Lire Mark 1:40-45
A leper came to Jesus and pleaded on his knees: “If you want to” he said “you can cure me.” Feeling sorry for him, Jesus... Lire la suite…
Rencontrer Sister Margaret Foley
Sister Margaret Foley entered Notre Dame in the 1950s, after being educated at Notre Dame High School, Clerkhill in Scotland. Lire la suite…
The Church is a community that listens to and proclaims the Word of God. This year, 2018, the focus is on Mark's Gospel. He wrote the first gospel for Jews who were becoming Christians.
We are in the opening weeks of "Ordinary Time" in the liturgical year ...weeks which resonate for us in Mark's gospel with the story of the beginning of Christ's Church, its rapid growth, purpose and energy.
This calls to mind the powerful words of the Preface in the recent Mass of Whit Sunday that have come alive:
"Today you sent the Holy Spirit on those marked out to be your children by sharing the life of your only Son." "Today we celebrate the great beginning of your Church when the Holy Spirit made known to all peoples the one true God......."
John the Baptist withdraws and Jesus emerges as a central, intriguing figure. On everyone's lips is the question, forever seeking an answer, “Who is this man?”
Yesterday and today we still ask this question of ourselves. We begin a lifetime search for a fresh awareness that brings into sharper focus our understanding of who Jesus is for us.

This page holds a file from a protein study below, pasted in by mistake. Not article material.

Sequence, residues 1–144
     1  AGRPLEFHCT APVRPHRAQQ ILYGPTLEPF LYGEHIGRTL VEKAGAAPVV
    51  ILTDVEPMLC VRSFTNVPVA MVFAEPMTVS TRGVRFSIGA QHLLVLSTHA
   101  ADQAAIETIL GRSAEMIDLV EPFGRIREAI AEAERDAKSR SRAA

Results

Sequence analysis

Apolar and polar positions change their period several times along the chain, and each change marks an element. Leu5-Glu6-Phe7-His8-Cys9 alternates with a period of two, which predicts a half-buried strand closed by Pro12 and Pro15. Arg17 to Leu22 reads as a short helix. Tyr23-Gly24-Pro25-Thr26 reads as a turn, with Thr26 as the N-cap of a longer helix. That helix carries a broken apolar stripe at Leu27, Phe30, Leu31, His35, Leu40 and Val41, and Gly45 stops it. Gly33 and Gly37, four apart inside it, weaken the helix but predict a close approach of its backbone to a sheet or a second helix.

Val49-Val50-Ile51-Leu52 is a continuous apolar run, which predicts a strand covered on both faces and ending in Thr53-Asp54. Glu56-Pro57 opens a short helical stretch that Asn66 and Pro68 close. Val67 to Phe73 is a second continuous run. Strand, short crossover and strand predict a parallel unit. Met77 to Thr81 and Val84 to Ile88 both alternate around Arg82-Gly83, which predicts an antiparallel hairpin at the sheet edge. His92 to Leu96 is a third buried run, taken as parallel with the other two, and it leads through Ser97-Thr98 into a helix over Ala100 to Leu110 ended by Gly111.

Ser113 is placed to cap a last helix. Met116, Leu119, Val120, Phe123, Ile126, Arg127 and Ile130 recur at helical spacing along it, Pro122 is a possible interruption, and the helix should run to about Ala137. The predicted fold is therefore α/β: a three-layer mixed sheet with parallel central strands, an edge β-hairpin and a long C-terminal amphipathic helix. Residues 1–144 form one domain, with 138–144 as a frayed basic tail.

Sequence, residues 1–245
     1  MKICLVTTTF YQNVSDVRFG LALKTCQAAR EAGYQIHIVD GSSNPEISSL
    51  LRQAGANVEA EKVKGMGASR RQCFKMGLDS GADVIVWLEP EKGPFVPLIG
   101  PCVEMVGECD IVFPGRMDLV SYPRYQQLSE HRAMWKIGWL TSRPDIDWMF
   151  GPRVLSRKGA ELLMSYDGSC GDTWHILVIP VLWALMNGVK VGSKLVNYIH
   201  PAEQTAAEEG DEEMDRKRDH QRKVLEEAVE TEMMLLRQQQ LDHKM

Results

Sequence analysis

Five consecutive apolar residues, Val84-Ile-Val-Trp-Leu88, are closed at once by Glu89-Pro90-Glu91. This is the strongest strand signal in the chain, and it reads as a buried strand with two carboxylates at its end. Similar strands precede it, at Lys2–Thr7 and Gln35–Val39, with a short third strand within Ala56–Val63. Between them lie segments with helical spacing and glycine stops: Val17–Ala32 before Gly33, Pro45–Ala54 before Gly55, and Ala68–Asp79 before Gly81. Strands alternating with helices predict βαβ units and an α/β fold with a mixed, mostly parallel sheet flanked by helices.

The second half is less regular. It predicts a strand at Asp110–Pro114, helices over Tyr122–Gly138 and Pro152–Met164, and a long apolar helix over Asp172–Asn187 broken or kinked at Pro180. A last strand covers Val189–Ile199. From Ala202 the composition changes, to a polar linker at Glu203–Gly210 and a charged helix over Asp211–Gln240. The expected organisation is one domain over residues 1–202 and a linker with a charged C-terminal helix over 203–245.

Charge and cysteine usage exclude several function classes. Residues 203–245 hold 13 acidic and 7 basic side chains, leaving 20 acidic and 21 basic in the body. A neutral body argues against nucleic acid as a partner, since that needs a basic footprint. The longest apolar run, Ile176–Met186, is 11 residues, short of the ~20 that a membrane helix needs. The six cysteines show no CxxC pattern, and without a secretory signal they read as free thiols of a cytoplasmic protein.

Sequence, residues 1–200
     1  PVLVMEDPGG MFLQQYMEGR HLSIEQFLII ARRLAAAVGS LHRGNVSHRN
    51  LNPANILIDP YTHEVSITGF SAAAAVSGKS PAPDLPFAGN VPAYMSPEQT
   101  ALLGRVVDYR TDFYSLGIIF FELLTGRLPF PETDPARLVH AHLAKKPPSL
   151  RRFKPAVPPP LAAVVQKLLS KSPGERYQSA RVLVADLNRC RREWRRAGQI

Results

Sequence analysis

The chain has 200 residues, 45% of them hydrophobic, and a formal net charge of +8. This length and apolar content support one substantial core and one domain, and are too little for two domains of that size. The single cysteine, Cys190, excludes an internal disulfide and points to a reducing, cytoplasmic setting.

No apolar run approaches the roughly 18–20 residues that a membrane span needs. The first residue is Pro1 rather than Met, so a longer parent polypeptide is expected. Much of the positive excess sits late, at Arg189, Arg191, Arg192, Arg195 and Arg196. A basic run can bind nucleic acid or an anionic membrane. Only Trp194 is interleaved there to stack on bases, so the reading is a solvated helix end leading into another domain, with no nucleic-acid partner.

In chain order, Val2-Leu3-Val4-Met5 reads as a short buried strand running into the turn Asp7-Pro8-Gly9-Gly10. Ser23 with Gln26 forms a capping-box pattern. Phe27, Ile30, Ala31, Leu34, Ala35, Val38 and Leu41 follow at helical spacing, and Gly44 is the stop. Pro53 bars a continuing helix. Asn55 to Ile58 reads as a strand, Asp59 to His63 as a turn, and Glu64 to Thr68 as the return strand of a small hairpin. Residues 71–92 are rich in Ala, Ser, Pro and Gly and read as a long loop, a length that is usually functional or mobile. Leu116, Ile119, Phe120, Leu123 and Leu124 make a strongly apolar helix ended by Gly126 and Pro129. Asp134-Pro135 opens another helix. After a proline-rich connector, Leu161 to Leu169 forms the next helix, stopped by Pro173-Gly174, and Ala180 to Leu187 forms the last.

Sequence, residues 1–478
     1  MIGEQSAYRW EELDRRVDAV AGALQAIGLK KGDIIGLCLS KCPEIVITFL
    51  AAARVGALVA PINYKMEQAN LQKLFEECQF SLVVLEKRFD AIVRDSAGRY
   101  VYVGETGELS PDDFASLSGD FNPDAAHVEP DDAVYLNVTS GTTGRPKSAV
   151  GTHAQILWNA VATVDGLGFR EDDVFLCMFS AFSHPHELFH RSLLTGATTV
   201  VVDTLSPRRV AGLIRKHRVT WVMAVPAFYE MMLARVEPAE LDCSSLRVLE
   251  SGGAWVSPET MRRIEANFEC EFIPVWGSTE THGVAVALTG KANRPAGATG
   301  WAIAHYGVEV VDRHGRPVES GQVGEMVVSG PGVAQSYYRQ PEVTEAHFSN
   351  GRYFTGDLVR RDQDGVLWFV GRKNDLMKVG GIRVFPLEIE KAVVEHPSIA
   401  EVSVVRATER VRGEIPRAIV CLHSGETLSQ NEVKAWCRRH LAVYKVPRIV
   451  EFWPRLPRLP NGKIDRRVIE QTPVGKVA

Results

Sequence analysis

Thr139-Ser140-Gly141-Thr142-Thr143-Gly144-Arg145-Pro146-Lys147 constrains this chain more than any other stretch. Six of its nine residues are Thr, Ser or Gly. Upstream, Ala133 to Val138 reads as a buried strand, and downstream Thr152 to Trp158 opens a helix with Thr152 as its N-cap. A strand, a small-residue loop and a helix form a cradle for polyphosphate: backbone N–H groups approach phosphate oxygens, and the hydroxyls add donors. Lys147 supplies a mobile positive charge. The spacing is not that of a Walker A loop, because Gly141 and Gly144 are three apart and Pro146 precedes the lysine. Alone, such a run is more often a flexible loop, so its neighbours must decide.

As the story unfolds we see a man of power
- the power of gentleness
- the power of authority
- the power of compassion
- the power of healing
- the power of invitation (Come and See)
He began by gathering the first disciples around him. They moved among the growing crowds as a group of people on a mission. So the Church of Christ began as a living organism and must continue as such.
Today's gospel dwells on the healing of the leper who fell on his knees before Jesus - "If you want you can make me clean." The warmth and humanity of Jesus' response touches us deeply as we hear him exclaim, "Of course I want to." We marvel as he touches a feared outcast. We can feel for this newly healed man, free at last to socialize normally, bursting to talk with people again and tell of this wonderful experience!
Thinking of ourselves today and the world we live in, it is not difficult to recognize the scenario of the leper, the outcasts of society. Daily we are confronted with desperate families clinging with ever fading hope to death traps of boats in an effort to find a society that will welcome them as sisters and brothers.
Our streets are filled with drug addicts and homeless young people, some of whom have fled families that destroy rather than nurture. Nations build walls to separate rather than protect.
What can we do as individuals to respond to the "lepers" of today as Jesus did? For this week ahead we might pray and reflect on today's gospel. Put aside time in our lives for the prayer of silent communing with God who dwells in the depths of our being - the prayer of listening. And if we come across an "outcast" as we go about our ordinary daily life, choose to respond with the warmth and humanity of a true disciple of Jesus.
THE CHURCH OF CHRIST MUST BUILD WELLS NOT WALLS "....LET EVERYONE WHO IS THIRSTY COME. LET ANYONE WHO WISHES TAKE THE WATER OF LIFE AS A GIFT.” (Revelation 22:17).